I live in a time and place where arranged marriage is essentially unheard of, but if I lived in a culture where it was more conventional, I don't think I would necessarily oppose it immediately. I have been fortunate to have been born into a family that has always advocated strongly for my genuine happiness. They know me well and often give me sound advice. I'm assertive enough in my taste that I don't feel like I'd just bend to anything, either. So assuming my family were still the same, I would be willing to meet someone arranged for me - though I would not want to go through with a marriage without meeting the other person, going on a few dates with them, and giving my consent first.
 

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MOTM Dec 2011
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8,651 Posts
It depends.... I used to have the notion that arranged marriages amounted to not knowing anything about the person you were marrying until the wedding day. I was wrong. Or at least, with most Indians and Pakistanis that I know who have done arranged marriages, it amounts more to being set up by your families based on criteria you all agree on.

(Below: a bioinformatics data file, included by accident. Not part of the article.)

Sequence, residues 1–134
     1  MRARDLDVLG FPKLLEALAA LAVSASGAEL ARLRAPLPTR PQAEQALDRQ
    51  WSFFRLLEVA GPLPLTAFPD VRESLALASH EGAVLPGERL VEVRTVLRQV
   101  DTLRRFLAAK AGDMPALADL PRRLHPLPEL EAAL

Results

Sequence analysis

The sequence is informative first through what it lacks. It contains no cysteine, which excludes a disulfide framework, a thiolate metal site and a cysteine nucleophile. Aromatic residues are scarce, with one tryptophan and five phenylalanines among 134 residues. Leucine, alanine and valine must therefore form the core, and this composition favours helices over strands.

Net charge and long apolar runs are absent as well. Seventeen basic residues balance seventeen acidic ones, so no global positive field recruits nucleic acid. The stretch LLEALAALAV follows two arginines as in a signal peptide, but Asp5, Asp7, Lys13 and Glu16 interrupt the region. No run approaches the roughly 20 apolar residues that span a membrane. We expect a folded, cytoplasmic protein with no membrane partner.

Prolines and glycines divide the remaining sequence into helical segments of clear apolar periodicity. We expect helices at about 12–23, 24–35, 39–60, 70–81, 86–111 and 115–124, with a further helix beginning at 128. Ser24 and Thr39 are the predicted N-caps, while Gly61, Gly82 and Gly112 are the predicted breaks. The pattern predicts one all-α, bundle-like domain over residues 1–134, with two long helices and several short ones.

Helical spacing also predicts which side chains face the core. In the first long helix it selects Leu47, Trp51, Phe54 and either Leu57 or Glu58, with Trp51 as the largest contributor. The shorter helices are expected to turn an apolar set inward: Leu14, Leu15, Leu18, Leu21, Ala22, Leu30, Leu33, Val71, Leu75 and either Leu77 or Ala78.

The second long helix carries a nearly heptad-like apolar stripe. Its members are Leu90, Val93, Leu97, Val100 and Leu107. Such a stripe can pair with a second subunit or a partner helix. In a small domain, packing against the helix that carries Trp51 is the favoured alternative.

The process I’ve heard or witnessed was... You and your family decide it’s time to marry. They pick out a prospective partner or perhaps several for you to choose from. You probably will meet and talk to several of these people. When you and a match mutually agree that you like each other, then you get engaged and a courtship continues. When you marry, you may not be “in love”, but you aren’t strangers, probably do have a friendship established, and you likely have a mutual attraction (given you both picked eachother from your other options). The primary function of the marriage is not love of course, but it’s expected that you will fall in love eventually, and certainly that you will come to love eachother as family. Since a big romantic love is not expectedly immediately nor seen as necessary for a match, expectations are a bit different and perhaps more conducive to a lasting marriage.